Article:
Ah, men and their toys. As we learn in ENEMY OF THE STATE, NSA
(National Security Agency) has the best. They're to die for.
Producer Jerry Bruckheimer, the king of the action movies from BEVERLY
HILLS COP to ARMAGEDDON, trots out his latest movie, ENEMY OF THE STATE,
and it's a dandy. Fast-paced and full of rapid cuts among high tech
gadgetry, the movie, directed by Tony Scott (TOP GUN and CRIMSON TIDE),
throws believability out the window and happily lets the audience just
kick back and have some fun.
As the story opens, a senator, played earnestly by Jason Robards,
refuses to support a new telecommunications bill that permits unlimited
wiretapping by our nation's federal agencies. Jon Voight, a bimodal
actor who either goes for creepy caricature or sincere intelligence,
plays NSA section head Thomas Brian Reynolds with impressive credibility
and enough brainpower to hold his own among the NSA nerds.
When the senator will not agree to support the bill, Reynolds and his
NSA goons kill him. As an environmental scientist named Zavitz, CHASING
AMY's Jason Lee accidentally videotapes the murder. A small army of bad
guys sweep down on Zavitz, but he manages to drop the tape in Robert
Dean's shopping bag at an expensive lingerie shop. This permits the
movie's photogenic star, Will Smith, who plays Dean, to hobnob with sexy
models, dressed only in revealing bras and panties. And it gives an
opening for one of the funny script's best interchanges. Dean later
jokes that the reason he was there was to pickup some items since he
likes to cross-dress on the weekends.
The rest of the movie is one long, high-tech, cat and mouse chase with
Reynolds and company going after Dean. Will Smith, being Will Smith,
semi-plausibly plays a guy who can elude dozens of guys with guns,
tracking devices, helicopters and spy satellites. They throw everything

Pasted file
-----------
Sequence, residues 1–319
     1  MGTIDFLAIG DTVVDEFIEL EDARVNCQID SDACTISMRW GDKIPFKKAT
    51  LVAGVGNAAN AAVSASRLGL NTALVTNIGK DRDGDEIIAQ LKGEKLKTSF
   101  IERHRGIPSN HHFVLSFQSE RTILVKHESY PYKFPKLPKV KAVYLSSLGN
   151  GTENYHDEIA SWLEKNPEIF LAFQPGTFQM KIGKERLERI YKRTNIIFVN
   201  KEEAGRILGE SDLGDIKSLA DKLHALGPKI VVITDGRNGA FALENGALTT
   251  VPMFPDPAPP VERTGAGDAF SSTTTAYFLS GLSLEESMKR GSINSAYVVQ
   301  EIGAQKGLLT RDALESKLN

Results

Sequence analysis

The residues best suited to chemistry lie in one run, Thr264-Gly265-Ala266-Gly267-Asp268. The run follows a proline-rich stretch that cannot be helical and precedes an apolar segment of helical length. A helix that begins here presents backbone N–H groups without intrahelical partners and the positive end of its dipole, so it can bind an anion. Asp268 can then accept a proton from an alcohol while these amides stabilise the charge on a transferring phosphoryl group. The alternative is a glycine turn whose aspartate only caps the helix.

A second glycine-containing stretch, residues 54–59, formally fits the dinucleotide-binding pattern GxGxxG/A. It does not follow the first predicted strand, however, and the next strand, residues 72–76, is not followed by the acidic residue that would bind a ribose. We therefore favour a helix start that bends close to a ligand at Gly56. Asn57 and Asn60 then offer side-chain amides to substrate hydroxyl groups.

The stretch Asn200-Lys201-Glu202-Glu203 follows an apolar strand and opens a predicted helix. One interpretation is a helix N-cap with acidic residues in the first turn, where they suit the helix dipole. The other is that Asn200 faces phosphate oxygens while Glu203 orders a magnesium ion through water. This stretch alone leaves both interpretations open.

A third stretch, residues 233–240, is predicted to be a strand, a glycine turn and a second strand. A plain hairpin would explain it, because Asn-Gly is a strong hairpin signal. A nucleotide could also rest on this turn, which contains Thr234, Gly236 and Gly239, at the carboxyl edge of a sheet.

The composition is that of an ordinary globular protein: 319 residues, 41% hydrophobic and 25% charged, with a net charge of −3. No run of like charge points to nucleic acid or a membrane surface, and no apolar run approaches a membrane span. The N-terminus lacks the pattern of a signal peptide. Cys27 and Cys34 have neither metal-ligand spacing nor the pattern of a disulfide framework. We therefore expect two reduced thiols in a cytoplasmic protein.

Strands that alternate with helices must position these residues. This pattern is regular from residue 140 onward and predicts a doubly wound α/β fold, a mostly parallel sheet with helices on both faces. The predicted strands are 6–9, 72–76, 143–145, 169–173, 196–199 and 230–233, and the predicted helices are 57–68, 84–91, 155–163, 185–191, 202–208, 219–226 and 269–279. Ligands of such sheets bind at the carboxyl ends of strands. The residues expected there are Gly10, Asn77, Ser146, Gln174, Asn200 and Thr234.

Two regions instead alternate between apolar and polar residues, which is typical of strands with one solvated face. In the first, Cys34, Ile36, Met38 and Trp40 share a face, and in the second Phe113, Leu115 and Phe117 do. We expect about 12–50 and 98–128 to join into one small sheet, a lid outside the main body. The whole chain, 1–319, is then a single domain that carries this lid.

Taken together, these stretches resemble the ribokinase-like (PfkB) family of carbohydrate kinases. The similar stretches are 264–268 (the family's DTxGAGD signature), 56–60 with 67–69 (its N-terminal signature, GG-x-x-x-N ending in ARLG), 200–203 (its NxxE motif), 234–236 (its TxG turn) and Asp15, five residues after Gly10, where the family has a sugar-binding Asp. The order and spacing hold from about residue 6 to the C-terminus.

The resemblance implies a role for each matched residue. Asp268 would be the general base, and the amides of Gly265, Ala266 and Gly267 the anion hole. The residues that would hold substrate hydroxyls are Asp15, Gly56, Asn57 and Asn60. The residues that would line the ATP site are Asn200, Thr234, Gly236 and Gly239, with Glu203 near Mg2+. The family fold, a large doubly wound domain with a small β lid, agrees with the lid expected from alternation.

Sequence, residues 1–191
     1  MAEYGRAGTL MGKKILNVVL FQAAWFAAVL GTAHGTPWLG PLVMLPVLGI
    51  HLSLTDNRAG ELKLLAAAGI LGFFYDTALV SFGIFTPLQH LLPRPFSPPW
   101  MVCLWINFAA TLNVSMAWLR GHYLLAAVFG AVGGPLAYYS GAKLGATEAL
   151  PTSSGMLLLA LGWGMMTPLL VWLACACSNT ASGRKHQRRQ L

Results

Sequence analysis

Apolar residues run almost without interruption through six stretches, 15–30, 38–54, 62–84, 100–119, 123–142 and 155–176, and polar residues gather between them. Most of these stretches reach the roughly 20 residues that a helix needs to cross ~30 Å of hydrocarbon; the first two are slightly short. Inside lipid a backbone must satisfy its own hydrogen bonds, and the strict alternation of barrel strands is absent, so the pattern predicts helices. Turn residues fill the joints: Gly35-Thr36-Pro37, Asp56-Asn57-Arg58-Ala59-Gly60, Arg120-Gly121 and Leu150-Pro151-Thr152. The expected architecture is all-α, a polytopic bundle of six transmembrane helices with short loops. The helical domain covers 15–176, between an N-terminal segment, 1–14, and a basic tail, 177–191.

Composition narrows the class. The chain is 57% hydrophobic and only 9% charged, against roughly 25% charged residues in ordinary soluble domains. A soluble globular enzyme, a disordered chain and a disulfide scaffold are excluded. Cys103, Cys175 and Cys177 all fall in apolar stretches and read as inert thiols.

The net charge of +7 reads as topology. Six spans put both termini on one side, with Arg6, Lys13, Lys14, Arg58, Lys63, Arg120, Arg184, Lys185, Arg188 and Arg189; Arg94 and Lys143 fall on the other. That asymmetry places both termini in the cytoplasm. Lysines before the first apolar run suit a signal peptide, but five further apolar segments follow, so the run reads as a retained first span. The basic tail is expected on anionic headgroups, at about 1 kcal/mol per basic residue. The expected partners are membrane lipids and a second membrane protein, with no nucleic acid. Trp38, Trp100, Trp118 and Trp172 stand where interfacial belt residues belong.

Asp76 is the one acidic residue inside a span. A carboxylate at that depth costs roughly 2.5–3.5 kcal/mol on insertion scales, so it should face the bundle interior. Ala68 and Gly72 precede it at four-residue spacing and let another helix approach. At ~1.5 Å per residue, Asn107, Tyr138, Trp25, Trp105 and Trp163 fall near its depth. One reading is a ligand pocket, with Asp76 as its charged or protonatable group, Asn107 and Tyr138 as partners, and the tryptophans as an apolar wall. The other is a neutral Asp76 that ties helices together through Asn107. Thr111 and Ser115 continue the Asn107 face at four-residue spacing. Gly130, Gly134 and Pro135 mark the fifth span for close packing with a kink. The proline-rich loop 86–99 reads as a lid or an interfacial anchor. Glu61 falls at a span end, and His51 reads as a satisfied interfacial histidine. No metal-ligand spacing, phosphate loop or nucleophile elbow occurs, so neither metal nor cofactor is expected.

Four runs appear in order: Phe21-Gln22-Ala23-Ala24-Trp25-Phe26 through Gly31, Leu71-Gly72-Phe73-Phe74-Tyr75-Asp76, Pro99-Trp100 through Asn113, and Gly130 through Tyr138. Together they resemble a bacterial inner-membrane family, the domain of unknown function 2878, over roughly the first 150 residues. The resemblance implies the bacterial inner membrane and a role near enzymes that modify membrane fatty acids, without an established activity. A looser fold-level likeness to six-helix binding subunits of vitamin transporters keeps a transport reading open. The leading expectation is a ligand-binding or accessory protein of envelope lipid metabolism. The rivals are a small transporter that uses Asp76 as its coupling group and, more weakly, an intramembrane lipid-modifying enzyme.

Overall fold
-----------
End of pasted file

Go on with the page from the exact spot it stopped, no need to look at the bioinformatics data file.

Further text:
but nuclear weapons at him, but he comes out almost unscathed.
The real star in the movie isn't Smith, Voight, or Gene Hackman, who
shows up at the midway point, but it's the technology. The movie spends
most of its time and bucks on demonstrations of advanced technical
hardware. And it also provides somber lessons in ways to avoid being
trapped in our government's crosshairs.
Spy satellites, aimed at us, are so powerful that they can observe the
stains on our clothes. We learn that you should never look up,
otherwise they will get a make on you. One shouldn't shop at
convenience stores or any place with a surveillance camera. And most of
all, never use a phone, even a pay phone.
Since Reynolds can't find the tape, he sets out to destroy Dean's life.
When a rogue agency goes after you, your reputation is history faster
than you can cry foul. Dean's job and marriage quickly go into the
toilet as Reynolds fabricates a stream of lies against him.
The always-fascinating Gene Hackman shows up in the movie's second half,
playing a mysterious, free-lance investigator named only Brill. With
black, horn-rimmed glasses and a quarter-inch haircut, he's the spitting
image of your grandfather's fishing buddy. Brill, dressed in
thrift-shop clothes rejects, is, of course, an ex-NSA agent who hates
and distrusts his old employer.
The movie, which becomes highly repetitious, gets a second wind at the
end. The film's creative last half-hour, when Dean and Brill turn
tables on NSA, is easily the best part. It's the sort of ending that's
liable to set audiences cheering. It did ours. As intriguing as ENEMY
OF THE STATE is, it is just as forgettable. Entertainment without
pretensions of being anything more, a typically satisfying Jerry
ENEMY OF THE STATE runs 2:08. It is rated R for violence and profanity
and would be fine for teenagers.
Copyright © 1998 Steve Rhodes